A gradient of 150 MeV/m requires a RF of ~30 GHz.
Klystrons are limited at ~10 GHz => go to TBA:

1) create a beam of ~ 1 GeV electrons made of bunches 64 cm apart
2) reorganize in time the bunches so that they are 2 cm apart:
this corresponds to 0.67 ns at the speed of light
3) send the bunches into passive microwave devices (Power
Extraction and Transfer Structure, PETS)
where a 30 GHz radio-wave is excited
and then transferred by short
waveguides to the main accelerator.

A. Bay   Beijing October 2005                20
CLIC Test Facility 3 CTF3
Produce a bunched 35 A electron beam to excite 30 GHz PETS.
Accelerate a 150 MeV electron beam up to 0.51 GeV

A. Bay   Beijing October 2005             21
CTF3 first phase
has proven the possibility to reduce the pulse spacing to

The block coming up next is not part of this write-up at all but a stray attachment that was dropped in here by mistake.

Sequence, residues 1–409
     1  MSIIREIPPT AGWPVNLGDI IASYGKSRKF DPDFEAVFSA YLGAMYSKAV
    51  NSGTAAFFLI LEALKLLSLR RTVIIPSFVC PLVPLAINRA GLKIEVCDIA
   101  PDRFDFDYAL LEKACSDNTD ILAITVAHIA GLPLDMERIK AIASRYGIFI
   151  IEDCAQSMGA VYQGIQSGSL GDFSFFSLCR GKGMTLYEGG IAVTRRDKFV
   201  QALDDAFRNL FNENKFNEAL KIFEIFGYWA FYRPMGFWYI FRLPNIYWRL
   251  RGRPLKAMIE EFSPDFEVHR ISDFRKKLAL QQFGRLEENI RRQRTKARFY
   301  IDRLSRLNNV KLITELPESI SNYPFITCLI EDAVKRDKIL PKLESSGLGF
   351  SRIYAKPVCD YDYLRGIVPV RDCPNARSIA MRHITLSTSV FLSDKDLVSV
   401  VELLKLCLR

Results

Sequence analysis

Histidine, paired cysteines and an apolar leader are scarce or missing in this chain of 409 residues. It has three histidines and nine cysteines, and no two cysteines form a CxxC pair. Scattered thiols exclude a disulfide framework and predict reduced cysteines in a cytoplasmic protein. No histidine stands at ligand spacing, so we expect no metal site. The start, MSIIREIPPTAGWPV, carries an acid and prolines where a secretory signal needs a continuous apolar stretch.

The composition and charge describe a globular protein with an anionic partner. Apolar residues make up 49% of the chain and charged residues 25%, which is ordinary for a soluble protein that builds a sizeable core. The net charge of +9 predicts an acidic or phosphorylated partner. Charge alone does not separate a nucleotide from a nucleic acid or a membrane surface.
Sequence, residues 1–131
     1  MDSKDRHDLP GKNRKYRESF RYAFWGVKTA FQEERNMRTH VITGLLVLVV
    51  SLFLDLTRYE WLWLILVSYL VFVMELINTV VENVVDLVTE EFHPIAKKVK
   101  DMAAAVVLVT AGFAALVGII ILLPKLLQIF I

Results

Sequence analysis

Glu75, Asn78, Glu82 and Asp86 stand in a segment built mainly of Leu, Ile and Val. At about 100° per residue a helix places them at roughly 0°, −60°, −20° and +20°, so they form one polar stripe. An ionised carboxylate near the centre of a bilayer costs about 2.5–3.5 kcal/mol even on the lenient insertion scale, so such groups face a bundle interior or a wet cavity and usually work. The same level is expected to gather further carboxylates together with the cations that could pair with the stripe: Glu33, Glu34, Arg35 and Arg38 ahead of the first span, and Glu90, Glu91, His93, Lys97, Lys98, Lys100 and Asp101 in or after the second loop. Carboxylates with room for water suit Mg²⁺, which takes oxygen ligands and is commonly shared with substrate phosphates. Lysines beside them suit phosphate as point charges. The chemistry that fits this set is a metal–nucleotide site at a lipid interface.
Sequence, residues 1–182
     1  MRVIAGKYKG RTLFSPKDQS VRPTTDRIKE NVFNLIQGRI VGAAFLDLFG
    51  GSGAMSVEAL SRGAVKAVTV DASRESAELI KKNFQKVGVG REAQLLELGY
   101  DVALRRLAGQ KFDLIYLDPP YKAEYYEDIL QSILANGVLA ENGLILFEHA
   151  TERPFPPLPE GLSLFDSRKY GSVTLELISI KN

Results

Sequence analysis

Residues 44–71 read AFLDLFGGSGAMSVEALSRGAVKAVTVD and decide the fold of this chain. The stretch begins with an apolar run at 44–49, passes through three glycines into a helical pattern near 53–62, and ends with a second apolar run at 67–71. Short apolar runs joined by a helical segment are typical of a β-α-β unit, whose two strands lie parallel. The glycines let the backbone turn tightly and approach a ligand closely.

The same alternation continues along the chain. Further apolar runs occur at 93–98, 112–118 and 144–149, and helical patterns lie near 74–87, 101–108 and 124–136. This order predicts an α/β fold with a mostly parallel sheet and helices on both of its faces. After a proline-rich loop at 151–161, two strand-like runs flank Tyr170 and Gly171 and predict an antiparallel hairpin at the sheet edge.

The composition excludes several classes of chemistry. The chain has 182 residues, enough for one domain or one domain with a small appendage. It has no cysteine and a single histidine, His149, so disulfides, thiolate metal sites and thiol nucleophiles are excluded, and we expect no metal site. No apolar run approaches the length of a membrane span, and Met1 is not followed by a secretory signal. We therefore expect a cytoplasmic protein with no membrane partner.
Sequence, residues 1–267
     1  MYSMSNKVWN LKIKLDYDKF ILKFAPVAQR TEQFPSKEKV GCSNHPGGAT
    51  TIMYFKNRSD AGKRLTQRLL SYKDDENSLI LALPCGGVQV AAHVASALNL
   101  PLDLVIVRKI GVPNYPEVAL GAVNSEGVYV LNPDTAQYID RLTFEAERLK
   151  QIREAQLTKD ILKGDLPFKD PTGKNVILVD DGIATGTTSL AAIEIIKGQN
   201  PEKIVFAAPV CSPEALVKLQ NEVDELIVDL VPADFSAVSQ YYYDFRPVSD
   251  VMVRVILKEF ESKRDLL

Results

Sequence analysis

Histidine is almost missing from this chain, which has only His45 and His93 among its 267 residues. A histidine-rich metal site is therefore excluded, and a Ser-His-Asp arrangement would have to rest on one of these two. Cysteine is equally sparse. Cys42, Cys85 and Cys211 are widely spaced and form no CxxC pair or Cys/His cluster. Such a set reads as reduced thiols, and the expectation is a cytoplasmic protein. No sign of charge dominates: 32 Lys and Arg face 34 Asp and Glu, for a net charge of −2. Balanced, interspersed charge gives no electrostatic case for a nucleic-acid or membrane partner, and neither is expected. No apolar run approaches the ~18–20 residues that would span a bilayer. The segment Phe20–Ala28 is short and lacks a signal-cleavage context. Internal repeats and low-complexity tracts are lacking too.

the nominal value of 0.67 ps.

A. Bay   Beijing October 2005           22
Nanometer size beam
Requires a nanometric
stability of all the components,
in particular the last quadrupole.

geophone        Need to fight (hard) against
several possible sources of vibrations
(ex.: cooling liquid),
ground motion, etc.

A. Bay   Beijing October 2005                         23
Stabilization
Use a combination of active and
passive stabilization techniques

1

motion

A. Bay   Beijing October 2005                   24
Luminosity gain w/wo stabilization
Simulation of the beam collision behaviour

~70% of the
nominal luminosity
has been obtained

A. Bay   Beijing October 2005                        25
The experiments

e+e- collisions      and        collisions

A. Bay   Beijing October 2005         26

```
DOCUMENT INFO
Shared By:
Categories:
Tags:
Stats:
 views: 0 posted: 3/28/2013 language: English pages: 26
How are you planning on using Docstoc?